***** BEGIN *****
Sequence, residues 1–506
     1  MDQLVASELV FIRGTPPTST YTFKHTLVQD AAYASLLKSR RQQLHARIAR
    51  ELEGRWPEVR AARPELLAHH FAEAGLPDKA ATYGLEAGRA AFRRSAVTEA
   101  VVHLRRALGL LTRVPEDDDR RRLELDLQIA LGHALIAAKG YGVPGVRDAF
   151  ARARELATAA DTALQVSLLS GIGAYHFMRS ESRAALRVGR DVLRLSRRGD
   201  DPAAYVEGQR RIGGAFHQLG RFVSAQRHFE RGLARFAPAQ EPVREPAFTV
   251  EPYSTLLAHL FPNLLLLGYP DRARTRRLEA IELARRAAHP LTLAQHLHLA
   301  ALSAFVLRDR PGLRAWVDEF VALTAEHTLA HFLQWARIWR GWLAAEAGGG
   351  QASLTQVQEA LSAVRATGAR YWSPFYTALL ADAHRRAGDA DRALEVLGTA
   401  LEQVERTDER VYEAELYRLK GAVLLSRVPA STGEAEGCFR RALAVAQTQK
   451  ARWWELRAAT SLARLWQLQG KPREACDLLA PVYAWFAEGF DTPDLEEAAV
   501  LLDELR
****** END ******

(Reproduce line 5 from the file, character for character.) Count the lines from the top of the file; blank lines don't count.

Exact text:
   151  ARARELATAA DTALQVSLLS GIGAYHFMRS ESRAALRVGR DVLRLSRRGD